Adjusting to…

My limp body made its way to the bathroom nearly seconds before I vomited everywhere. It was barely morning when I decided to take another pregnancy test. Our window shades were slightly open, allowing just enough moonlight to create a path to where I was. I walked over to the bed, test in hand, and stared at the man who had always put up with my craziness. He was aware that I had bolted for the toilet but didn’t think twice about why. I closed my eyes and raised the test, hoping to see a result that would explain why my body was acting out. My eyes went from squinting to fully adjusted with the darkness. A soft whisper entered the room…

“I’m pregnant.”

My initial reaction almost completely took control, wanting to shout far beyond the balcony into a crowd of strangers. Instead, I rolled back into bed with full acceptance of the nausea that seemed to stick around for days. My eyes suddenly became heavy, but my mind was pressing on the gas with no stop sign in sight. As much as I wanted to remain thankful that my body gave us another chance, the anxious thoughts quickly returned and were set to ruin the rest of our vacation. The activities we had planned were no longer considered, as I remained in bed with no desire to move, to eat, or to sleep. My body couldn’t decide whether to bundle under the covers, or to strip completely before the sweat stained my clothes. The slightest movement jumpstarted the nausea, which helped me aim toward not moving until our vacation stay was over. 

Sharing the news with my boyfriend was filled with more excitement than you could imagine. We didn’t realize how soon we would relive the memory of seeing our very first positive… but we were convinced that this outcome would be one to reminisce about. I wanted to make sure everything was done correctly. I feared that the smallest mistake would end in another procedure, and no choice but to try again. Knowing that stress related issues could also complicate the pregnancy, it was a huge challenge trying not to let my anxiety spread its fame. If I didn’t eat or drink enough during the day I would tell myself I’m hurting the baby. But when the voice inside my head was reminded about trying to remain calm, I also told myself I’m hurting the baby. It was a constant battle in which I played both sides, one that would never end. No forfeit, no winner. 

I became obsessed with knowing that as each day flew by, my pregnancy still remained normal. As each symptom made its presence, a phone call was made to the office in which I had all my prenatal visits. How was I expected to know what was considered “common”? I didn’t last more than six weeks in my first pregnancy, much of which I barely felt nauseous. I couldn’t help but question my body when it was introducing me to something new. The stretching, pulling, and stabbing pains were feelings that took turns exploring my body. While they forced me to stay in bed all day, I still smiled… I smiled because my baby was here to stay. My baby was reminding me that my belly was now a home.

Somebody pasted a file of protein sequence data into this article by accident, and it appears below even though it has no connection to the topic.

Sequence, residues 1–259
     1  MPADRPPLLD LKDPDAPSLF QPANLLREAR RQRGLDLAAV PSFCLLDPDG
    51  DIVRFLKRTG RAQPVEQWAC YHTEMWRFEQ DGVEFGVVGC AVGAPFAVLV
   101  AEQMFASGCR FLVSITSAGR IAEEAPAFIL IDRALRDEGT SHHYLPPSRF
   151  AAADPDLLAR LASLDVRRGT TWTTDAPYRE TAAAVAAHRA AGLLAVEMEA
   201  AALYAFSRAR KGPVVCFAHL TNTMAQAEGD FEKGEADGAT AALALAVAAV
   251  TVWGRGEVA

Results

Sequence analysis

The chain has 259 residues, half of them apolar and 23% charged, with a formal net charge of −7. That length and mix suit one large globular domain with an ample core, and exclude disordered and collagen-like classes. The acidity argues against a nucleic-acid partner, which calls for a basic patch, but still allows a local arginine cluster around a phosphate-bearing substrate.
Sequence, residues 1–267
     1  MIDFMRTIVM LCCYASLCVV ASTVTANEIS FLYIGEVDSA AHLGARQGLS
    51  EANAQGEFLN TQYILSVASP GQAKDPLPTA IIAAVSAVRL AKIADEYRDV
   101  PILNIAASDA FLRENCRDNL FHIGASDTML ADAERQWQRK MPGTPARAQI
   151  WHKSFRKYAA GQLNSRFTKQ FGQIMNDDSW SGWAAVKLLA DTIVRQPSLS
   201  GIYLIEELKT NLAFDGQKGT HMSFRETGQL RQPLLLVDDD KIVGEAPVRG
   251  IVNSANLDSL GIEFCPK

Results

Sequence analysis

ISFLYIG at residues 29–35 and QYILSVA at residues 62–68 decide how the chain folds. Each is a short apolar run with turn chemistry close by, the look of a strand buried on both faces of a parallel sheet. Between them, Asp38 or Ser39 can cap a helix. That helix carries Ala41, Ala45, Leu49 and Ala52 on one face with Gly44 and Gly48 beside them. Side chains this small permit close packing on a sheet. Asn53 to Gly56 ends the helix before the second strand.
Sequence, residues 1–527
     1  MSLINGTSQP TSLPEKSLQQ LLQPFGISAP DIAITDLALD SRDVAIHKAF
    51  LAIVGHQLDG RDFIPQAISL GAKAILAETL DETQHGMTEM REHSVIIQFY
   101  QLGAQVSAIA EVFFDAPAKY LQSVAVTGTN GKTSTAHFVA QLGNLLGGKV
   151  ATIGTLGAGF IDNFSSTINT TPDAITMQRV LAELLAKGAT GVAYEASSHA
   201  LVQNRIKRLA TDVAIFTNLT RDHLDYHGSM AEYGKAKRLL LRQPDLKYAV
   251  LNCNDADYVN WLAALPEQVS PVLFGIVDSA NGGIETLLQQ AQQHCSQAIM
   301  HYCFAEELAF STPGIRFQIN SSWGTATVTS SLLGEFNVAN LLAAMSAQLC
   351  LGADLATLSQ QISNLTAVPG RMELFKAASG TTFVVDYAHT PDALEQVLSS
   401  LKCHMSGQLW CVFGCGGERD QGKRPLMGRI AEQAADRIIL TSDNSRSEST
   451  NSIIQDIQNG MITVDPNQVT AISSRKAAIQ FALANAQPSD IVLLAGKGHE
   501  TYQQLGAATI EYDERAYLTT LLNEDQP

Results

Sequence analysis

My anxiety spoke loud and clear. I had to protect what was mine, and the smallest detail would create a mental game that didn’t like to lose. I had to find the strength to make it through this pregnancy without having to worry about my mental health too. 

Impossible? No. Challenging… yes. 


54 thoughts on “Adjusting to…”

  1. you wrote this beautifully, no one prepares you for that moment you discover you are building and caring for something so small.x


  2. This is a beautiful peice of writing, I can’t even imagine how challenging this would have been for you having previously miscarried, thankyou for sharing x

    Kayleigh Zara 🌿


  3. This is lovely. I was also on vacation when I found out and had severe nausea for the first 6 months. I can tell you that what you are feeling is normal and that you will always from now on be anxious about protecting your baby. You are a mother


  4. I don’t have any children, but every time it has been discussed had filled me with the craziest combination of fear, excitement, and anxiety. I don’t know if or when I’ll become a father, but the mere thought gives me butterflies.


    1. There is so much anxiety and fear that comes with parenthood. But there is also loads of happiness and love that are so overwhelming. It has truly been an experience that I’m so lucky to have been apart of!


  5. This is such a beautiful and well-written post. I absolutely adored reading it as it reminded me so much of my first pregnancy. Thanks so much for sharing.


  6. What a beautifully written piece – really draws you in emotionally – I have never been pregnant but I can see myself feeling much of the same emotions when it happens one day – esp the struggle between not worrying everything I do is going to impact the baby negatively
    You’re doing amazing girl



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